|Three Popular Schools To Admit More Pupils|
Hillbrook, Allfarthing and Albemarle to be expanded
More school places are to be provided at three high-achieving Wandsworth primary schools after proposals for extra classrooms were granted planning permission.
The council is to invest in new classrooms, play areas and other educational facilities at Allfarthing, Hillbrook and Albemarle schools to provide more pupil places and improve teaching space.
The changes mean an additional 90 primary school places will be available for local families in Southfields, Wandsworth, Earlsfield and Tooting from September 2015.
Wandsworth Council has already taken a range of steps to provide additional classroom places for four and five-year-olds.
Over the past three years more than 25 additional reception classes have opened in schools across the borough to meet the growing demand from parents for school places.
Extra classes will be available this September at Smallwood, Sheringdale and Granard schools, while three new free schools have also opened in Tooting, Balham and Roehampton.
The council has also drawn up proposals for two new academies, which could each accommodate up to 420 pupils. These are for the vacant and derelict Putney Hospital site and on land formerly occupied by the Atheldene Centre in Earlsfield.
Wandsworth’s education spokesman Cllr Kathy Tracey said: “This is good news for parents who want their children to attend high-achieving local schools. Expanding Hillbrook, Allfarthing and Albemarle will provide additional primary classroom places in parts of the borough where pressure on places is at its greatest.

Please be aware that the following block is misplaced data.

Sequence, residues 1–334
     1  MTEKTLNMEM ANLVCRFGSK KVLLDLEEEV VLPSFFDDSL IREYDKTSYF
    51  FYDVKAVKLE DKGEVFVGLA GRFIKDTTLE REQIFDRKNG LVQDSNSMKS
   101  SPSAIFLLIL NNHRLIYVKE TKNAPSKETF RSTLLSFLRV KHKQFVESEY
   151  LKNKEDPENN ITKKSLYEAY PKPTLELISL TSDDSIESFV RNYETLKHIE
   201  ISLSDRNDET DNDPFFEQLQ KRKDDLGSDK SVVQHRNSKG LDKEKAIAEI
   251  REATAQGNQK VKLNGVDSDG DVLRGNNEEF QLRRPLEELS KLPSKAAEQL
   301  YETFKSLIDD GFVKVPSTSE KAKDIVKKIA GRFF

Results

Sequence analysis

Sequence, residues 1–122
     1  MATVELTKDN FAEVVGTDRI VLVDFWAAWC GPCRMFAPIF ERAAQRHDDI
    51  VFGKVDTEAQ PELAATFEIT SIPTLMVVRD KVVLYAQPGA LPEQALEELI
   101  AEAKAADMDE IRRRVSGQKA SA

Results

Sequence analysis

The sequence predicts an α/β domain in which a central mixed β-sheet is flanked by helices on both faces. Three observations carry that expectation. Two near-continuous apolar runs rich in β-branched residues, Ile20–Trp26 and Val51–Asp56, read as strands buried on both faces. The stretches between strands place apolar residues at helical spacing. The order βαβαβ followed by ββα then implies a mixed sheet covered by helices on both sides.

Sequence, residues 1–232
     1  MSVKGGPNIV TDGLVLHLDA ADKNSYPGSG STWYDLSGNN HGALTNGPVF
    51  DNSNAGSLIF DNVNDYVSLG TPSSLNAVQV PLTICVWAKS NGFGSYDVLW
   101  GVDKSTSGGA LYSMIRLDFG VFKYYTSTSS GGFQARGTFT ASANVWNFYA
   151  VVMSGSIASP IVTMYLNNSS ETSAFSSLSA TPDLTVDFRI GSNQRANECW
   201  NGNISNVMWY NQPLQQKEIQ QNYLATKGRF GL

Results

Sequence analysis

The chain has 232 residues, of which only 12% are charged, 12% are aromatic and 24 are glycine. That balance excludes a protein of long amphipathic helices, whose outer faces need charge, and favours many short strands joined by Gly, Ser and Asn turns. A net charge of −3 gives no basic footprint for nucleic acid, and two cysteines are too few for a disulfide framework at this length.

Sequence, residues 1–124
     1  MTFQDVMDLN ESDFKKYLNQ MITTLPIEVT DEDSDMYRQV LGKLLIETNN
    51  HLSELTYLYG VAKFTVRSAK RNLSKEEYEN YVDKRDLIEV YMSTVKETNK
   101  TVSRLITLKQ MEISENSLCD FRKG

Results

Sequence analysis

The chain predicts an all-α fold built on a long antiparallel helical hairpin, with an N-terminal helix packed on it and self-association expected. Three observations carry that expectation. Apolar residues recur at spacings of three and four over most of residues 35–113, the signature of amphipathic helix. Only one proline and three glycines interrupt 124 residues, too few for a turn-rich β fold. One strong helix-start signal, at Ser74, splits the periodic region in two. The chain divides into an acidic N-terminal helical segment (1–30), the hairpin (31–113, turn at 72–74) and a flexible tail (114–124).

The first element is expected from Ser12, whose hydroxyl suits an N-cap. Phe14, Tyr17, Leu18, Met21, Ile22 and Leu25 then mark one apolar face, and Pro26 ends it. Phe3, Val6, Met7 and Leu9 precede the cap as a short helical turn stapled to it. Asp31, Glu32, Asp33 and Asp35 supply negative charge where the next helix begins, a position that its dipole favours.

“We have also drawn up detailed long term plans to ensure that we have enough places in the years ahead. This involves expanding some of our best performing and most popular schools, supporting the growth of free schools and opening two new academies in Putney and Earlsfield.”
The growth in demand for primary places in Wandsworth is partly due to an increased birth rate, but also because of sustained improvements in teaching and learning at local schools.
School standards watchdog Ofsted currently rates 95 per cent of Wandsworth schools as good or outstanding, ranking the borough equal second nationally behind the City of London. In comparison only an average of 80 per cent of schools in other parts of the country, and 85 per cent in London, have been given the same quality rating by Ofsted inspectors.
In 2013 Wandsworth’s primary schools achieved the equal fifth best combined Key Stage 2 reading, writing and mathematics combined results across England. Wandsworth also had a higher proportion of pupils making the expected levels of progress in reading, writing and mathematics; being ranked equal second nationally in reading with 94 per cent, equal second nationally in writing with 96 per cent, and equal third nationally in mathematics with 94 per cent.
Between 2002 and 2011 the annual birth rate in the borough grew steadily, rising from 4,080 to 5,477.